What are the primary and secondary evaluation questions and their implications for possible methodology and design choices?
What resources are available to support the evaluation (e.g., budget, time frame, local evaluation capacity, evaluation ethos)?
Decision-making arena
Who are the main decision makers/users of the evaluation information?
What are their views, values, and history about the program, and about evaluation?
What is the larger political culture in which they work?
What are the expectations of their organization?
What are the expectations of citizens they serve regarding government programs, and about evaluation?
What are the political expectations for evaluation?


  1. Evaluation Implementation
    • build in some periodic re-assessments of the context during the implementation of the evaluation to check if anything has changed that could affect the evaluation
    • can be quick, but should be done explicitly
    • puts the evaluator in ” abetter position to adjust measurements  to pick up changes and to capitalized on new design opportunities to detect program-related changes better” (Conner et al, 2012)
    • template for conducting CA for evaluation planning (adapted from Table 6.2 in Conner et al, 2012):
Guiding Questions
Answers to Guiding Questions
Implications for Evaluation
General phenomenon/problem
Have new aspects related to the phenomenon/ problem been identified or arisen?
Have we learned more about the phenomenon
or the problem that may influence our approach?
Has new knowledge been gathered through
other research and evaluation that may have a bearing on this evaluation or on stakeholders’ receptivity to findings?
Have new intervention components been added/modified/eliminated that affect the intervention?
Has the level of intensity of the intervention
changed because of funding increases or decreases?
Broader environment around the intervention
Have new relevant events, people, or issues
intervention arisen in the general environment in which the intervention is anchored?
Do these new factors have implications for the intervention and/or its evaluation?
Parameters of the evaluation
Do the main evaluation components continue to be responsive to the relevant contextual factors?
Have the budget, time, and so on changed in any way?
Decision-making arena
Have new organizations or individuals, with different perspectives, entered the decision-making arena, and do these new factors need to be addressed?
Have the needs of decision makers changed in
any way that might impact the evaluation or receptivity to the findings?
  1. Decision Making
    • CA now limited to 2 of the 5 areas (broad environment and decision-making arena; though may also consider phenomenon/problem re: making recommendations)
Guiding Questions
Answers to Guiding Questions
Implications for Evaluation
Broader environment around the intervention
Are the original stakeholders still relevant?
What new stakeholders need to be added?
Related to the content of recommendations that might be made, is the infrastructure in place and are resources (staff, materials, support) available to provide the actions and services that will be recommended?
Might these resources be drawn away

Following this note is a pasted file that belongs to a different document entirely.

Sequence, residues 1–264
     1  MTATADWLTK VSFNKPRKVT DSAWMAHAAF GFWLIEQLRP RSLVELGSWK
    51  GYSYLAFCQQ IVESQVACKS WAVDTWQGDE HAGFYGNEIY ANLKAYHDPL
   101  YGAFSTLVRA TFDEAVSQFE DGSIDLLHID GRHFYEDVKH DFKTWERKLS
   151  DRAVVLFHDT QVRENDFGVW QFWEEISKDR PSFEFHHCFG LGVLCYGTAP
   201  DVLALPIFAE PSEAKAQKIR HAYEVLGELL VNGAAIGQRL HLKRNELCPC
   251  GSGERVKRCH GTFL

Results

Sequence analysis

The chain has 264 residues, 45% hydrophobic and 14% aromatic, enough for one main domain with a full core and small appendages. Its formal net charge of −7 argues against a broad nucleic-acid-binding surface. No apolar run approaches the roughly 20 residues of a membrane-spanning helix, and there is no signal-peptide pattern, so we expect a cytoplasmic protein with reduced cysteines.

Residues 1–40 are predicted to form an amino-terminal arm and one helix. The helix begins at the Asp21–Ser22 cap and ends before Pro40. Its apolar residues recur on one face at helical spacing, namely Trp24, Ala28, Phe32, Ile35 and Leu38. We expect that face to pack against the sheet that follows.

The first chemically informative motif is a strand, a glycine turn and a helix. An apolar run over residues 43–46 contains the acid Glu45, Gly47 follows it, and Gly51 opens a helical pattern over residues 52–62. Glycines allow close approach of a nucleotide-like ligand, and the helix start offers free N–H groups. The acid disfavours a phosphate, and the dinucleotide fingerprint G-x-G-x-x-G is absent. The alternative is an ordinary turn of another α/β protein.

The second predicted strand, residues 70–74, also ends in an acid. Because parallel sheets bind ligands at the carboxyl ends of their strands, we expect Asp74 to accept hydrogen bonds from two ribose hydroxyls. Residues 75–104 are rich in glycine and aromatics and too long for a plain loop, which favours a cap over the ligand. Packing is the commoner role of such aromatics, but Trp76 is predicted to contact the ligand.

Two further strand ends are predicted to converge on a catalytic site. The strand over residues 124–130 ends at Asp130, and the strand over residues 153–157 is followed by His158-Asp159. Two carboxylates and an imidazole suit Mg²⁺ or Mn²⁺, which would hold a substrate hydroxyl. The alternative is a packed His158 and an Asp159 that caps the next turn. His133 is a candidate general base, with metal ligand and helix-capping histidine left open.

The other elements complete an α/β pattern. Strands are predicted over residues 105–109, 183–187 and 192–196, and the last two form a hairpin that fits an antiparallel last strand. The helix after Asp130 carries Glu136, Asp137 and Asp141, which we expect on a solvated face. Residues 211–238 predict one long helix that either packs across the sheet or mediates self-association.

from other, unrelated programs, possibly jeopardizing them?
Decision-making arena How has the arena changed since the outset of evaluation planning?
Should other important stakeholders be included?
How are decision makers responding to the evaluation?
How are they using it?
What elements receive the most attention from various stakeholders and decision makers?
How do their values, position, or history affect their use of the information?
Are there other dissemination or communication strategies that might increase their use?
General phenomenon/problem Have we learned more about the phenomenon or the problem that may influence our recommendations?
  • some limitations and challenges to CA:
    • CA “cannot be rigidly defined and requires subjective judgements” (but “sharing the results of a context assessment with the primary stakeholders for an intervention can help check out counter inherent evaluator biases” (Conner, 2012, p. 104)
    • “does not guarantee that all relevant factors will be identified” (but certainly more will be identified that if you do not undertake an explicit context assessment) (Conner, 2012, p. 104)
    • requires extra time/energy (but the benefits of CA should make it worth that time/energy) (Conner, 2012, p. 104)

Final Thoughts:

  • “Context will influence the evaluators’ views and the evaluation will influence the context” (Conner, 2012, p. 93)
  • “Most evaluators have moved from early experimental, “hands off” tradition where they were concerned that their involvement might change the program or threaten the perceived neutrality of the evaluation to one in which evaluators are immersed in the program, [giving] evaluators the potential to consider and learn about context” (Fitzpatrick 2012, p. 13)
Conner, R.F., Fitzpatrick, J.L., & Rog, D.J. (2012). A first step forward: Context assessment. New Directions for Evaluation. 135: 89-105.
Fitzpatrick, J.L. (2012). An introduction to context and its role in evaluation practice. New Directions for Evaluation. 135: 7–24.
Rog, D.J. (2012). When background becomes foreground: Toward context-sensitive evaluation practice. New Directions for Evaluation. 135: 25-40.


1 There are also subdimensions that may be applicable, including “demographic issues of gender, race, and language, as well as issues of power differences, class, other denominators of equity, and sociopolitical status” (Conner, 212, p. 90).